41. A method as in claim 39, wherein said summing step comprises the steps of comparing a sum output of said up/down counter with said first predetermined threshold value and outputting a muting signal when said sum output of said up/down counter exceeds said first predetermined threshold value.
42. A method as in claim 41, wherein said digital audio transmission system transmits said audio data in respective synchronized data frames, comprising the further steps of detecting whether received digital audio data is frame synchronized and disabling said decrement input to said up/down counter during time periods in which said received digital audio data has lost its frame synchronization.
Description
BACKGROUND OF THE INVENTION

1. Field of the Invention

The present invention relates to an error detection system having a programmable error sensitivity, and more particularly, to a digital audio data muting circuit which mutes a digital audio output of a receiver in a digital audio transmission system when a large number of errors per unit time are detected in the received digital audio signal.

2. Description of the Prior Art

Numerous processing systems are known for detecting and/or correcting errors in a received pulse code modulated signal in a communications system. Typically, when a small number of errors are detected in the received signal, means are provided for correcting the detected errors before the received signal is further processed. However, when such systems detect a large number of errors in the received signal which cannot be corrected by the available error correction circuits, the receiver output is typically disabled or, in the case of a digital audio transmission system, muted until such time as acceptable (i.e., relatively error free) data transmission is restored.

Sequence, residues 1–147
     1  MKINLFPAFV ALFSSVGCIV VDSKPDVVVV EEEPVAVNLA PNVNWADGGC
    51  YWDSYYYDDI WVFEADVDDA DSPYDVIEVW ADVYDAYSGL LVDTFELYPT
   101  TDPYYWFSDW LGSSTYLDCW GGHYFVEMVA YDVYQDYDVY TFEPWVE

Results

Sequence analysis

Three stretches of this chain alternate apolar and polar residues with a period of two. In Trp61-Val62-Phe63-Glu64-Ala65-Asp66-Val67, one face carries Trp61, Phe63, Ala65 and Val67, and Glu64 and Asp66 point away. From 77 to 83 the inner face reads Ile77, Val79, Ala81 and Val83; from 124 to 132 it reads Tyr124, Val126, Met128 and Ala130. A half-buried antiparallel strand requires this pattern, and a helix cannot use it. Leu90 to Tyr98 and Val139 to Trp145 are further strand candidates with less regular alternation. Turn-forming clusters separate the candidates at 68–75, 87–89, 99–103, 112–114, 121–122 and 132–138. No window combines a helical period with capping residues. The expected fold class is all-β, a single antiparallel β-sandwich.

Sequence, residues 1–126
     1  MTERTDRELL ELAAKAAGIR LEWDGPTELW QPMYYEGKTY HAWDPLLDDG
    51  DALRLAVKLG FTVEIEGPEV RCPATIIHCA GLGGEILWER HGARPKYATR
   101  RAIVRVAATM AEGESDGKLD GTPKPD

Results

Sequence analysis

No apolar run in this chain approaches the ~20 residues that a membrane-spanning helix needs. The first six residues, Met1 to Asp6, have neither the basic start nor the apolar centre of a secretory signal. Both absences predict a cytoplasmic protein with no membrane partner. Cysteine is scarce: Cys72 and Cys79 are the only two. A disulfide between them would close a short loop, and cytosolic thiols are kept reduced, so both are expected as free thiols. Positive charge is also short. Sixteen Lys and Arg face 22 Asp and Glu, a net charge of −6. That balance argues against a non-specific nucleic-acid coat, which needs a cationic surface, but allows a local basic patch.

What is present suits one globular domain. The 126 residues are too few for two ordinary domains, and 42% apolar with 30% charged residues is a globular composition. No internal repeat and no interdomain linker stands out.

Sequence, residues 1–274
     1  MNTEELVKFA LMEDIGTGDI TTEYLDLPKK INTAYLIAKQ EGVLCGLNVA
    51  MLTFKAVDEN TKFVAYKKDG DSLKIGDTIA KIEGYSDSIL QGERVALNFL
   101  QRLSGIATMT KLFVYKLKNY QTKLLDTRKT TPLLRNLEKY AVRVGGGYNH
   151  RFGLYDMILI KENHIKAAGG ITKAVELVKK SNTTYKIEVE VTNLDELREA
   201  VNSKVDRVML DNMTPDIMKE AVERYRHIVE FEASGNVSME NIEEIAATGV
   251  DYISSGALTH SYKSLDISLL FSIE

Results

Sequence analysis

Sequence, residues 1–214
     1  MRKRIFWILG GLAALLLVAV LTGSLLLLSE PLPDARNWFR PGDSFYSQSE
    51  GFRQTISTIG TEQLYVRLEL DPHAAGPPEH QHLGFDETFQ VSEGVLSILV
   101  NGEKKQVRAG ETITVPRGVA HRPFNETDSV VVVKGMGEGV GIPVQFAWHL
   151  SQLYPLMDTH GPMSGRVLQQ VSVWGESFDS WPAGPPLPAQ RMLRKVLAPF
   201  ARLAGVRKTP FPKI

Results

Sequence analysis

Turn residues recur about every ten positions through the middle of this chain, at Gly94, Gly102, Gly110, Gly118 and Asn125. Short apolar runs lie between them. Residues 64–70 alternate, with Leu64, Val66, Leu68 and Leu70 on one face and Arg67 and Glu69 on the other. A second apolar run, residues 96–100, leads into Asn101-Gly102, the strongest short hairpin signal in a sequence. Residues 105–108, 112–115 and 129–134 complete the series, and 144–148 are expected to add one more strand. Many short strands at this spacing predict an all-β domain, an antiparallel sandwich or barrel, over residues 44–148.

An example of a system of the type just described is disclosed by Horsten in U.S. Pat. No. 4,864,573. Horsten therein describes a muting circuit for a compact disc digital audio system having error correction means for correcting errors in data words forming the pulse code modulated signal. In that system, when the error correction means cannot correct all of the errors in the pulse code modulated signal, error flags are produced on an output and applied to a control unit which derives from these flags a control signal for switching on a muting unit when a predetermined number of flags has been received. As a result, the digital audio output of the compact disc system is muted when a large number of errors (flags) are detected.

The muting unit in the Horsten apparatus is not switched on until there are definitely errors in the samples, and the muting unit is not switched off until there are only a few errors left and the signal is again of more or less hi-fi quality. Unfortunately, Horsten does not distinguish different types of transmission errors, and accordingly, the digital audio output is not muted until the requisite number of flags are detected in a predetermined time interval. As a result, the digital audio output received by the listener may be perceptibly degraded before the output is completely muted. A more robust muting system is desired which further discriminates amongst different types of transmission errors so that the data muting may occur sooner when more serious errors are detected, thereby preventing the listener from perceiving a degradation of the digital audio signal before the digital audio receiver is muted.

Other techniques are known for muting digital audio outputs when errors in the received signal are detected. For Example, Kouyama in U.S. Pat. No. 4,593,392 mutes the output of a digital tape recording/reproducing apparatus when an error is detected in the received signal. Complementary gain control circuits are used by Kouyama to gradually fade in a newly selected signal (which may be, e.g., a previous value of the received signal or a muting signal) while gradually fading out the previously selected signal, allegedly eliminating undesirable clicking noises.